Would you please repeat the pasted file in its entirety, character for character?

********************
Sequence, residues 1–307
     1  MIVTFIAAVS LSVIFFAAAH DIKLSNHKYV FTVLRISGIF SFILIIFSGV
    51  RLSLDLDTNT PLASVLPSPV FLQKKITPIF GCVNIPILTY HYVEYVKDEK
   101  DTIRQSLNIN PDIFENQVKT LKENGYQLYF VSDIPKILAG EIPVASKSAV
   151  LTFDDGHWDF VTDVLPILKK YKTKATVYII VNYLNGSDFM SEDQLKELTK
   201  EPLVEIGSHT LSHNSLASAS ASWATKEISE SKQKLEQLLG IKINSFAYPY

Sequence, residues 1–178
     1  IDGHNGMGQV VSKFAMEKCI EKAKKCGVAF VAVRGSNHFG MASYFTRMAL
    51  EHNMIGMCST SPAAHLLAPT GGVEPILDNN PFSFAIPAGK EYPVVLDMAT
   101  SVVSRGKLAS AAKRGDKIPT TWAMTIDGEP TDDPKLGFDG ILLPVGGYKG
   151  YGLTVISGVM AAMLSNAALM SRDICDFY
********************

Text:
Sequence, residues 1–307
     1  MIVTFIAAVS LSVIFFAAAH DIKLSNHKYV FTVLRISGIF SFILIIFSGV
    51  RLSLDLDTNT PLASVLPSPV FLQKKITPIF GCVNIPILTY HYVEYVKDEK
   101  DTIRQSLNIN PDIFENQVKT LKENGYQLYF VSDIPKILAG EIPVASKSAV
   151  LTFDDGHWDF VTDVLPILKK YKTKATVYII VNYLNGSDFM SEDQLKELTK
   201  EPLVEIGSHT LSHNSLASAS ASWATKEISE SKQKLEQLLG IKINSFAYPY

Sequence, residues 1–178
     1  IDGHNGMGQV VSKFAMEKCI EKAKKCGVAF VAVRGSNHFG MASYFTRMAL
    51  EHNMIGMCST SPAAHLLAPT GGVEPILDNN PFSFAIPAGK EYPVVLDMAT
   101  SVVSRGKLAS AAKRGDKIPT TWAMTIDGEP TDDPKLGFDG ILLPVGGYKG
   151  YGLTVISGVM AAMLSNAALM SRDICDFY